The concept of cooperative driving goes back to the idea of automated highways. The first ever proposal for an automated highway system, presented by General Motors in the 1960s, was based on the idea of car front wheels being automatically positioned in response to signals picked up by tuned coils mounted on the front of the car. Today, cooperative driving is all about foresighted driving - the early detection of hazards and the timely provision of information to support the driver. This is achieved by communication-based systems that extend the driver's horizon beyond their field of view and warn of incidents and adverse conditions ahead, leading to higher situational awareness. The aim is to contribute to safe and efficient mobility by enabling drivers to slow down early enough and by increasing the headway distance between vehicles.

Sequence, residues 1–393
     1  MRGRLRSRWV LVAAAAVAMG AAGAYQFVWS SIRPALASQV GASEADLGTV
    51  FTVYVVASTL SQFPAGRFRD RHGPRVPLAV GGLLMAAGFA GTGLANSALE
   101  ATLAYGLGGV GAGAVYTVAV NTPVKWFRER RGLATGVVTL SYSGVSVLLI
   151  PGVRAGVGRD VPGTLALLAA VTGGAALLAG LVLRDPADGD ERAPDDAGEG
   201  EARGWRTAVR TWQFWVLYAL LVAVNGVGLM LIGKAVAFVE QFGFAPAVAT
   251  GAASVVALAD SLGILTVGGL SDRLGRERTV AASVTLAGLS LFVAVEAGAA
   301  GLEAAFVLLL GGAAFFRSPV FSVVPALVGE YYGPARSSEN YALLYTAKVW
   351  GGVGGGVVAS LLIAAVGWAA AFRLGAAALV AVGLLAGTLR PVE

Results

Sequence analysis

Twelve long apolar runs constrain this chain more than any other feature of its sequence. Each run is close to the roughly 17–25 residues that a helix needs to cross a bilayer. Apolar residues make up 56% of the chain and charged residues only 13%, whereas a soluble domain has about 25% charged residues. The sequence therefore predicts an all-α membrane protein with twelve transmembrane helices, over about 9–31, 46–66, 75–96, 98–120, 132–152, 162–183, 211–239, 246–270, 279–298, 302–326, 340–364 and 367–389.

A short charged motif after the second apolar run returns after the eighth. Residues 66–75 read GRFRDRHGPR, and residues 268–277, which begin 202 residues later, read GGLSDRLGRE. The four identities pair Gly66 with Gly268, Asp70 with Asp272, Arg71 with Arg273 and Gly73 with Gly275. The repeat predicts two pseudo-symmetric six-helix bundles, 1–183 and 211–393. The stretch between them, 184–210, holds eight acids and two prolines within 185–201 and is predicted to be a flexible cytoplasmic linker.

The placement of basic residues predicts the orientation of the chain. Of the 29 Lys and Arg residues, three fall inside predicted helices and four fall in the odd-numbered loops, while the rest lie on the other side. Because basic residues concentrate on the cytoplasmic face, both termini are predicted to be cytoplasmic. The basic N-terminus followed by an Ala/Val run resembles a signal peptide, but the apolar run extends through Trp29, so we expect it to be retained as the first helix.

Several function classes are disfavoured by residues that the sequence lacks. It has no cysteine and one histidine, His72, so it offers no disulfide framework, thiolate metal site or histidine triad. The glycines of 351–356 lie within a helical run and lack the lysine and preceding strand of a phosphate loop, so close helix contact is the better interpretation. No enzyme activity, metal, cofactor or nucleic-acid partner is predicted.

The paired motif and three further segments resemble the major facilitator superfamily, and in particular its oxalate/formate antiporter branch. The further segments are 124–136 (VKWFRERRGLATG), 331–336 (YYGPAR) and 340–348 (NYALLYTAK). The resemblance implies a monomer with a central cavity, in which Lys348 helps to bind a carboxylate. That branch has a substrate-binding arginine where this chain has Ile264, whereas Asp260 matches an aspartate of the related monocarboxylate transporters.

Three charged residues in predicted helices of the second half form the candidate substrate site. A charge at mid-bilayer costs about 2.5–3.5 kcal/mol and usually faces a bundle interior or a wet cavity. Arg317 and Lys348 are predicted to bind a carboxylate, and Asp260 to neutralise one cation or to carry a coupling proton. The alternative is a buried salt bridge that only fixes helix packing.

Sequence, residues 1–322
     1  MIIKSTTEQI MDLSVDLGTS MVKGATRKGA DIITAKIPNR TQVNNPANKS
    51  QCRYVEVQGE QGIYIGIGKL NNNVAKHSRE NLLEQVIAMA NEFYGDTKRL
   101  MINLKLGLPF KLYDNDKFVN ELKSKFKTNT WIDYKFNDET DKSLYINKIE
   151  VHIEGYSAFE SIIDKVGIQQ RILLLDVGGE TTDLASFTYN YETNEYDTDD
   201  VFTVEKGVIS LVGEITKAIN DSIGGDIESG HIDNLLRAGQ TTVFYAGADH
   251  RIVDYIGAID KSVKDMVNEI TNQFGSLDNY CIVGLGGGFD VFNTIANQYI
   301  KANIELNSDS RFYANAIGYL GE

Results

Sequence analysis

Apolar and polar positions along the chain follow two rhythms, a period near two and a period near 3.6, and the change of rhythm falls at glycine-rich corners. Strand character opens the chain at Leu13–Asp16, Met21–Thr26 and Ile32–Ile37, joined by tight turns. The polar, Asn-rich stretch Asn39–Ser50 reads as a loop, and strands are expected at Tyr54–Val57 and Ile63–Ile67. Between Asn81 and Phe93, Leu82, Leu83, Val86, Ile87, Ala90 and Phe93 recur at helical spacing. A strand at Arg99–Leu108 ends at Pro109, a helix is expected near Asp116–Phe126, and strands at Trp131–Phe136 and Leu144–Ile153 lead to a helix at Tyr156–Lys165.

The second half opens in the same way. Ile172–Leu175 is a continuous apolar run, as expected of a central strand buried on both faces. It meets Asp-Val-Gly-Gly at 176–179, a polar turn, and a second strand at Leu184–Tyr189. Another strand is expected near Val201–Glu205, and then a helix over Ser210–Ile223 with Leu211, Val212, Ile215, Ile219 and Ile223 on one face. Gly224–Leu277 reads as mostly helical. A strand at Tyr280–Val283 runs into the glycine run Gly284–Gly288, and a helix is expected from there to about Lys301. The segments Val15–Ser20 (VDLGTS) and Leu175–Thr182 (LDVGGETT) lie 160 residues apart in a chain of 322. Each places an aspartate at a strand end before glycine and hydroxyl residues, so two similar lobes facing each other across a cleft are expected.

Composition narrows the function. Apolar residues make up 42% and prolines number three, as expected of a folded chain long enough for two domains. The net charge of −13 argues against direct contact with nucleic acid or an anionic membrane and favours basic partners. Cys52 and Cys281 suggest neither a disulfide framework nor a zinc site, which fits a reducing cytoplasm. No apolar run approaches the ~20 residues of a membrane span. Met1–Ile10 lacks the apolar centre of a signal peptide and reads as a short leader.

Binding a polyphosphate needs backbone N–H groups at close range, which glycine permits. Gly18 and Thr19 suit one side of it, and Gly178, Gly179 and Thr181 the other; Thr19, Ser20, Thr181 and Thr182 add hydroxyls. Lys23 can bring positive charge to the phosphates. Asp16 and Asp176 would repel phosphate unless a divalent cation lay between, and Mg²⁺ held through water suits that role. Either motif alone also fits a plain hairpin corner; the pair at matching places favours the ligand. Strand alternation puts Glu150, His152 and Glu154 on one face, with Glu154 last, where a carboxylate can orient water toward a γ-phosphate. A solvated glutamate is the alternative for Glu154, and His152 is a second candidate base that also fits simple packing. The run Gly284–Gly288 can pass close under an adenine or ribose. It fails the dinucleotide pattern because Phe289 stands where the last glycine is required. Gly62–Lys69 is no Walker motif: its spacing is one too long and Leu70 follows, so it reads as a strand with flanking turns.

|Title of host publication||Research highlights in safety and security|
|Place of Publication||Espoo|
|Publisher||VTT Technical Research Centre of Finland|
|Publication status||Published - 2013|
|MoE publication type||Not Eligible|
|Series||VTT Research Highlights|
Mäkinen, T., & Rämä, P. (2013). Talking vehicles make driving cooperative. In Research highlights in safety and security (pp. 108-109). VTT Technical Research Centre of Finland. VTT Research Highlights, No. 10 http://www.vtt.fi/inf/pdf/researchhighlights/2013/R10.pdf